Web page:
Exclusive new polling released last night shows overwhelming support for Ukraine’s entry into the European Union. This surge in support comes as the continent reflects on the lives lost in Ukraine over the last year.
Over half of all Britons support Ukraine joining the EU, versus just one in ten who don't. The top reasons were to boost their security and defence against Russia (62%) and reduce Russian influence in Europe (49%)
Brits also think Ukraine should be welcomed into the bloc to improve the country's connections to central and Western Europe (56%) and improve the country’s economy (52%).
The issue cuts across party and Brexit lines, with a majority of voters from all parties and both sides of the referendum supporting the move.
Liberal Democrat voters were the keenest to see Ukraine welcomed, with 67% in favour, but a majority of voters from all parties advocated for the move, including Conservatives (55%), Labour (62%), Green (63%) and Brexit Party (48%).
64% of those who voted Remain in the 2016 EU referendum would support Ukraine joining the EU, versus just 12% who wouldn't. Leave voters also advocated the idea, with 49% to 11% in favour.
Britons increasingly see the war with Russia as a “battle for democracy”, with 58% agreeing with US President Joe Biden, who made the comments earlier this week on his first visit to Ukraine since the full-scale war began. Only 13% disagree.
These figures match the 54% of Britons who feel less secure since Russia invaded Ukraine, with just 6% feeling more secure.
European Movement UK, who commissioned the polling, has called for the UK to sign up to an EU defence and security cooperation agreement in a bid to stabilise the continent and "defend democracy".
But the UK’s involvement in the war has also increased patriotism. A third of us feel prouder of our country because of the UK's support of Ukraine which has included providing weapons and defence alongside safety and accommodation for Ukrainian refugees.
The UK and European countries were leading voices in solidarity with Ukraine, quickly offering refuge and defence operations in the struggle against Russia.
The war has strengthened relationships between the UK, Ukraine and the EU. This is reflected in Britons’ attitudes towards the country joining the EU, despite our own chaotic departure just three years ago.
The polling also uncovers that Britons believe we are stronger and more secure when working together across borders.
52% of Britons believe that Ukraine joining the EU will improve its economy, whilst 62% think it is more secure as part of the bloc, aligning with current political views from former Prime Minister Boris Johnson and chief Brexit negotiator Guy Verhofstadt, both of whom support Ukraine’s entry into the EU.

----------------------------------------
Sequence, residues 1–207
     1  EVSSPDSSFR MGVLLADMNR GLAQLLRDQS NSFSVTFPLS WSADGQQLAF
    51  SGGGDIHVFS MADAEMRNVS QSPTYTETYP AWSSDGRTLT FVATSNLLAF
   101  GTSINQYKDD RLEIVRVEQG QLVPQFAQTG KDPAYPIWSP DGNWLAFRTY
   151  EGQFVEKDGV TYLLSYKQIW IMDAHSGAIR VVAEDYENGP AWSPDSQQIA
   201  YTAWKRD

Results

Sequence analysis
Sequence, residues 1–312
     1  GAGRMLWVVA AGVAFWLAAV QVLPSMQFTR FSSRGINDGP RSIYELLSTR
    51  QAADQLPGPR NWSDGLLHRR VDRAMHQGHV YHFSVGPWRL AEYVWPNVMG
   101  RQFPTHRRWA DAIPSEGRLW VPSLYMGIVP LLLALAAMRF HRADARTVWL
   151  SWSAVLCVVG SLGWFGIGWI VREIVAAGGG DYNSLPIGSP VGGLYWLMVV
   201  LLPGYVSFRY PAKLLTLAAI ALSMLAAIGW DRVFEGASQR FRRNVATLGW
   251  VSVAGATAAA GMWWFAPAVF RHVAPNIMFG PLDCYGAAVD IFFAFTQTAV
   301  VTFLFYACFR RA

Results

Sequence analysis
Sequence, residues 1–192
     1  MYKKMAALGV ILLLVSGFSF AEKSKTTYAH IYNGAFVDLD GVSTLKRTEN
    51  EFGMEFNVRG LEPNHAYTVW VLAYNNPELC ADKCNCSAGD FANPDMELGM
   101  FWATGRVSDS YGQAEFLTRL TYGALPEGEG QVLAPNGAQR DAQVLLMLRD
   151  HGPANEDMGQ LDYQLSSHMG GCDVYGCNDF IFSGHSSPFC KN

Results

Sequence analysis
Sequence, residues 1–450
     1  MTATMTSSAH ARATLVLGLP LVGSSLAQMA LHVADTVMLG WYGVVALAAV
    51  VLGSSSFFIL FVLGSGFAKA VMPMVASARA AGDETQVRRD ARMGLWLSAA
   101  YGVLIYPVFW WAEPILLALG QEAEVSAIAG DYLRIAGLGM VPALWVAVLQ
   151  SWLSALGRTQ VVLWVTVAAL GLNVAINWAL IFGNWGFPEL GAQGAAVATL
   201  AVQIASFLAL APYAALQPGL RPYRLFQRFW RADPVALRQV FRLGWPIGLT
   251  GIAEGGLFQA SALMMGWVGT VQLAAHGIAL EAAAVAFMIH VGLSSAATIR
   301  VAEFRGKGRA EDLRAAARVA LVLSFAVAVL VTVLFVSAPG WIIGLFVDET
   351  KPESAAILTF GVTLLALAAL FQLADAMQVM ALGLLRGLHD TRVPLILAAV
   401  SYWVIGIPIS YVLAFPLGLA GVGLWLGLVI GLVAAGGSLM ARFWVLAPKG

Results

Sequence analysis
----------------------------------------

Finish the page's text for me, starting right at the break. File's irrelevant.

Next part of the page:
Verhostadt said that “a united Europe, certainly on defence matters, would make an enormous difference”, and in the last three weeks, the UK and EU have pledged further defence to Ukraine.
Britons and politicians agree that the most effective route to defeating common enemies like Russia is working together across the continent, demonstrating a startling shift from the arguments of 2016.
Britons are clear: they want Ukrainians to be safe and have a strong economy post-war, and they believe that the illegal invasion is a “battle for democracy”. Over half think this is easier when we work together in the EU.
In March 2022, more than 150,000 people took to the streets in London against Putin’s illegal invasion of Ukraine in one of the largest demonstrations in British history, organised by the European Movement.
CEO of the European Movement UK, Anna Bird, said:
“We are proud of our country and our role in supporting Ukraine so far, and there’s no doubt that the UK stands with Ukraine, now and forever.
“Britons rightly see our country as having a moral duty to protect and defend our neighbours against illegal and aggressive acts of war, wherever they originate. But there is more to do.
“Our polling uncovers how much stronger, safer and more prosperous we are when we work together across Europe, where we share common values, standards and goals. And Putin’s invasion of Ukraine underscores the importance of working across Europe to bolster our security and defence.
“Past arguments about a common European defence policy being a loss of sovereignty must be put to bed. It is essential that British leaders now work more constructively with the EU to guarantee safety across our continent, including signing a UK/EU defence and security cooperation agreement.
“The European Movement will continue to advocate for a closer relationship between the UK, Ukraine and the EU to defend our shared democracy and ensure Ukraine prevails.”
Leader of the Golos Party, Member of Ukraine's Parliament and Vice President of Alliance of Liberal and Democrats for Europe (ALDE), Kira Rudik, said:
"The UK is one of our key allies in this war. Not only because of the amount of support – weapons, supplies, ammunition, training of our troops, and humanitarian aid – but also because they have expressed consistent leadership in decision-making, going one step further in responding to our needs.
"The consistency of support throughout the leadership changes proves that it is not a political or a personal gesture; standing with Ukraine is a will of the British people.
"The critical lesson that we have learned over the last year is the strength of unity. We are capable of so much more when we work and act together, which is why we see the future of Ukraine within the EU and NATO alliances.
"It is so important to know that we are not alone in this fight. And so amazing to feel the support of British people on all levels; taking care of our refugees, sending humanitarian and military aid, and most of all - believing that we will win. We will never forget it."